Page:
Hacking Linux BIND servers becomes child's play

New worm swipes passwords, installs rootkit

A worm called Lion has been developed to enable any fool to exploit a buffer overflow vulnerability in BIND 8 transaction signature (TSIG) handling code which we reported back in January.

Lion is spread via an application called randb which scans random class B networks probing TCP port 53. Once it hits, it checks to see if the system is vulnerable, and if so exploits it and then installs the t0rn rootkit, according to a SANS Institute advisory issued Friday.

According to SANS, once on a system, it sends the contents of /etc/passwd, /etc/shadow, and some network settings to an address in the china.com domain. It deletes /etc/hosts.deny, lowering some of the built-in protection afforded by tcp wrappers.

Ports 60008/tcp and 33567/tcp get a backdoor root shell, and a Trojanized version of ssh gets placed on 33568/tcp. Syslogd is killed, so the logging on the system can't be trusted, the SANS advisory notes.

A Trojanized version of login is installed. It looks for a hashed password in /etc/ttyhash. Also, /usr/sbin/nscd (the optional Name Service Caching daemon) is overwritten with a Trojanized version of ssh. The t0rn rootkit replaces several binaries on the system in order to hide itself, SANS says.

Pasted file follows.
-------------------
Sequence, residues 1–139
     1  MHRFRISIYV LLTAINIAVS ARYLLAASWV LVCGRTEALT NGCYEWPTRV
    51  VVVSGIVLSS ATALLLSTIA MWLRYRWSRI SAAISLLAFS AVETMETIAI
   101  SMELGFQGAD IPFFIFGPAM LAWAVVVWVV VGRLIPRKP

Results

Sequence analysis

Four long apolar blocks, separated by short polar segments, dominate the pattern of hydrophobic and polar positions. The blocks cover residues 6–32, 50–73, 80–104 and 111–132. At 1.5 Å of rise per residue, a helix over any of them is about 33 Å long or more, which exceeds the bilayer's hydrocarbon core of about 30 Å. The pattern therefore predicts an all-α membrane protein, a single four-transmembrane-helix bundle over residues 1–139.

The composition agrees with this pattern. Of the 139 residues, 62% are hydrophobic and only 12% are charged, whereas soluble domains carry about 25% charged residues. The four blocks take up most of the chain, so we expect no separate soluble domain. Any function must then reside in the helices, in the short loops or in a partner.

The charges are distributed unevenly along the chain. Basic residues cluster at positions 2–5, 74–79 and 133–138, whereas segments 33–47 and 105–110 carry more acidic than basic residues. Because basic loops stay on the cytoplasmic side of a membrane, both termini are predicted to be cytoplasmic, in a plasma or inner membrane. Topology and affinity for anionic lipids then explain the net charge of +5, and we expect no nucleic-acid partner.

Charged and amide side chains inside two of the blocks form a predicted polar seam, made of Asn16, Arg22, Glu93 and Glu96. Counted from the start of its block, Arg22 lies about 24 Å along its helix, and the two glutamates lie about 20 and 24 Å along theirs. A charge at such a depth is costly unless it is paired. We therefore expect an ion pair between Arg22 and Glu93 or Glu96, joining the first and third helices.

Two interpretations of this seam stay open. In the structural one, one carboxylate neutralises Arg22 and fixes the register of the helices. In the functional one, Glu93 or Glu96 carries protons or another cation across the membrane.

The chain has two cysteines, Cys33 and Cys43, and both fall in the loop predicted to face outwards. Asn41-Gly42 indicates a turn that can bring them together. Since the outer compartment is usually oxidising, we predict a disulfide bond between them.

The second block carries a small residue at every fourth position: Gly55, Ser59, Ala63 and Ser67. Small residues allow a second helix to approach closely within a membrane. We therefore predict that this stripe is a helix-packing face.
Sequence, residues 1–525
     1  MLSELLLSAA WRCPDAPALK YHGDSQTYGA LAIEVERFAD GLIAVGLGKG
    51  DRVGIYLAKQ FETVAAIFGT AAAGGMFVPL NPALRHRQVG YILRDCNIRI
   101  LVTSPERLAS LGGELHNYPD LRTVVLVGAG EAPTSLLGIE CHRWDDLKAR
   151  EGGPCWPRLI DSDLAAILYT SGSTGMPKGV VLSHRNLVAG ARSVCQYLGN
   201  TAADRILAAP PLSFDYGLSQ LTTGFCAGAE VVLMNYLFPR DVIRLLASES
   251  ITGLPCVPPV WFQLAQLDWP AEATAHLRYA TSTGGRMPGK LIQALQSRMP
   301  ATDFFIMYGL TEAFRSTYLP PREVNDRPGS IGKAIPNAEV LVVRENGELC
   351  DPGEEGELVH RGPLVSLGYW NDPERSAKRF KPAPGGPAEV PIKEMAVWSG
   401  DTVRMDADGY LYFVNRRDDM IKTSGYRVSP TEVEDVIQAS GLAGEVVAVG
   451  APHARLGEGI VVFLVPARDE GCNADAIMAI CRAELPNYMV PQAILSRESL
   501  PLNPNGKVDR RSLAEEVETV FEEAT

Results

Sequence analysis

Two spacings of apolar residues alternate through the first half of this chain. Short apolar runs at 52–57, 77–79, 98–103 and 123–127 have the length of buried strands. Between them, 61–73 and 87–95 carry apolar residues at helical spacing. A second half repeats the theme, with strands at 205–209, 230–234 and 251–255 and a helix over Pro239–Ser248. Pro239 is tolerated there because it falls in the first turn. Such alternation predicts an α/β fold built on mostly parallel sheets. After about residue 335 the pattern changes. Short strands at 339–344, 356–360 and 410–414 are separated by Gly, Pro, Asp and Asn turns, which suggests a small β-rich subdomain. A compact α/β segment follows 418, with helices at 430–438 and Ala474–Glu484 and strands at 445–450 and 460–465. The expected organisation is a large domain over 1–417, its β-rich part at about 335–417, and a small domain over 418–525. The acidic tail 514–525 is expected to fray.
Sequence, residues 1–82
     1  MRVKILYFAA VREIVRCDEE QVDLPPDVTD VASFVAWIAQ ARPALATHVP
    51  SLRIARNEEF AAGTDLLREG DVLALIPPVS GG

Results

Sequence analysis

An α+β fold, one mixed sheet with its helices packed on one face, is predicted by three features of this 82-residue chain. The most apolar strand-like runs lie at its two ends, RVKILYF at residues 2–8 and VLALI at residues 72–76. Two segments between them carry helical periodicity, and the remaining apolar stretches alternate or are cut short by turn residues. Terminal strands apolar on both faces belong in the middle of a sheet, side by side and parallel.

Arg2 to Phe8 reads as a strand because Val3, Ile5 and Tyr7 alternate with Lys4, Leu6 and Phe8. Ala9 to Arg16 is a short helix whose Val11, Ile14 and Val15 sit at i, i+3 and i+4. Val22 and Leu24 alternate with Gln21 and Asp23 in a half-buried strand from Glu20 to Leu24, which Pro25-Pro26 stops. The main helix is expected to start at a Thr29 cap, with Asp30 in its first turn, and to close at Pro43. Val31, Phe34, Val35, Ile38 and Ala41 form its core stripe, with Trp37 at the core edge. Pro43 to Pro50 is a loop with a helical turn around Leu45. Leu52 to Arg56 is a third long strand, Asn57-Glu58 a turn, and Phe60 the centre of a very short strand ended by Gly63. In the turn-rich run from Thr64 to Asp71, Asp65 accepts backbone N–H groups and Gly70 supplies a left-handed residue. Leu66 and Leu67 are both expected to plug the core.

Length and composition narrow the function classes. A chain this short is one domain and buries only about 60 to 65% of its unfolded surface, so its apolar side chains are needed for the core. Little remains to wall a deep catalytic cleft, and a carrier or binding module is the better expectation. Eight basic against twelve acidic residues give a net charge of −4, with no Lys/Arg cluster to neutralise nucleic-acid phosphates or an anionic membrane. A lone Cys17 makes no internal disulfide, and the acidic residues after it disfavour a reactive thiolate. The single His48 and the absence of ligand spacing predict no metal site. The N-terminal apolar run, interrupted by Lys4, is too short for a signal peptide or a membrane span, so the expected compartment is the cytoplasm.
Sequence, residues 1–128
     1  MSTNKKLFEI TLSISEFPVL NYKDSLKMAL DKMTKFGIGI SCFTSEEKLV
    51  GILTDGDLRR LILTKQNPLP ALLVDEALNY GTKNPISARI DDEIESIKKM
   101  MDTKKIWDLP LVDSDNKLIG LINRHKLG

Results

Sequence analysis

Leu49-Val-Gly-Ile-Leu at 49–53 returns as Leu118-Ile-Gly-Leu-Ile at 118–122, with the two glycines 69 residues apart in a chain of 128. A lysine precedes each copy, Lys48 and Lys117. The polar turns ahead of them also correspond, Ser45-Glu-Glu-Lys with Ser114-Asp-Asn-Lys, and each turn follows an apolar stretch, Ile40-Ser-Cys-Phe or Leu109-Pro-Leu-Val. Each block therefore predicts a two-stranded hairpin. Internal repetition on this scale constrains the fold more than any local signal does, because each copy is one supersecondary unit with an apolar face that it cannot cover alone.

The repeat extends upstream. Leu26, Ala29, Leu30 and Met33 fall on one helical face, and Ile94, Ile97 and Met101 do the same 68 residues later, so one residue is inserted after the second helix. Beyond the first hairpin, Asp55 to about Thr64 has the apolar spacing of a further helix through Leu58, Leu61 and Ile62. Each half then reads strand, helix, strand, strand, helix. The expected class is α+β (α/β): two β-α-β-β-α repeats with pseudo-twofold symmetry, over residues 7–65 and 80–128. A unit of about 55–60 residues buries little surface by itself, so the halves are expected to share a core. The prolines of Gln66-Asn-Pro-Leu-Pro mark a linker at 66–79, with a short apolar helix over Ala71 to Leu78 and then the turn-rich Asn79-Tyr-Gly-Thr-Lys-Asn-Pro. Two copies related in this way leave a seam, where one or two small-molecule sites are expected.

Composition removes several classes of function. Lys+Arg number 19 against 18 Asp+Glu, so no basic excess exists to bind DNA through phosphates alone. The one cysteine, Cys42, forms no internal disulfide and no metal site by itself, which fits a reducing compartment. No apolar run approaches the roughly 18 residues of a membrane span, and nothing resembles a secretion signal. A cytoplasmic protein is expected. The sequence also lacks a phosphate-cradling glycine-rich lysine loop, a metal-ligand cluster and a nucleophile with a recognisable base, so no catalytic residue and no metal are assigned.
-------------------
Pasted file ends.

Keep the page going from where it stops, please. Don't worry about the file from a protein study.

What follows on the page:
SANS has posted a file to detect Lion, and of course urges admins to upgrade BIND to patched versions which are no longer vulnerable, after confirming that their systems are clean.

No information is yet available from SANS on where or even if the worm has been used in the wild. However, the FBI's National Infrastructure Protection Center (NIPC) claims that Lion attackers are "infecting computers and installing distributed denial of service tools on various computer systems."

The NIPC claims that Lion also installs the Tribe Flood Network (tfn2k) DDoS client, though, oddly, the SANS advisory makes no mention of this alarming detail.

"Illegal activity of this nature typically is designed to create large networks of hosts capable of launching coordinated packet flooding denial of service attacks. Possible motives for this malicious activity include exploit demonstration, exploration and reconnaissance, or preparation for widespread denial of service attacks," the NIPC warns ominously.

OK, we get it. Digital catastrophe is just around the corner and that's why you guys need to keep monitoring ISPs with Carnivore. ®

Related Story

FBI hacker sleuths hint at power-grid disaster

Sponsored: 10 ways wire data helps conquer IT complexity